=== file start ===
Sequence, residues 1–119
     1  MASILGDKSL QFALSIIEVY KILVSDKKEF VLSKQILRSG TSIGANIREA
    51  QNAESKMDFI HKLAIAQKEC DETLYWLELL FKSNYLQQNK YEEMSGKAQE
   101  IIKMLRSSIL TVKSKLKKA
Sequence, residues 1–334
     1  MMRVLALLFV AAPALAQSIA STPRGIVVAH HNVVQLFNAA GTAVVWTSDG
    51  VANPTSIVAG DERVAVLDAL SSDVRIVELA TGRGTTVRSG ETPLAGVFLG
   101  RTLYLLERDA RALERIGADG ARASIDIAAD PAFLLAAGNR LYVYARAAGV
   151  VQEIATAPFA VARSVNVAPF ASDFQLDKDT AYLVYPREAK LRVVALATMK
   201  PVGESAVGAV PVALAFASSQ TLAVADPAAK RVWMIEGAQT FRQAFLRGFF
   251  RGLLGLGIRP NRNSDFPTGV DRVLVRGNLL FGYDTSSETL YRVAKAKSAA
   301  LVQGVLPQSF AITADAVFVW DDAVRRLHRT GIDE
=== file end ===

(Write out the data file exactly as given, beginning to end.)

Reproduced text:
Sequence, residues 1–119
     1  MASILGDKSL QFALSIIEVY KILVSDKKEF VLSKQILRSG TSIGANIREA
    51  QNAESKMDFI HKLAIAQKEC DETLYWLELL FKSNYLQQNK YEEMSGKAQE
   101  IIKMLRSSIL TVKSKLKKA
Sequence, residues 1–334
     1  MMRVLALLFV AAPALAQSIA STPRGIVVAH HNVVQLFNAA GTAVVWTSDG
    51  VANPTSIVAG DERVAVLDAL SSDVRIVELA TGRGTTVRSG ETPLAGVFLG
   101  RTLYLLERDA RALERIGADG ARASIDIAAD PAFLLAAGNR LYVYARAAGV
   151  VQEIATAPFA VARSVNVAPF ASDFQLDKDT AYLVYPREAK LRVVALATMK
   201  PVGESAVGAV PVALAFASSQ TLAVADPAAK RVWMIEGAQT FRQAFLRGFF
   251  RGLLGLGIRP NRNSDFPTGV DRVLVRGNLL FGYDTSSETL YRVAKAKSAA
   301  LVQGVLPQSF AITADAVFVW DDAVRRLHRT GIDE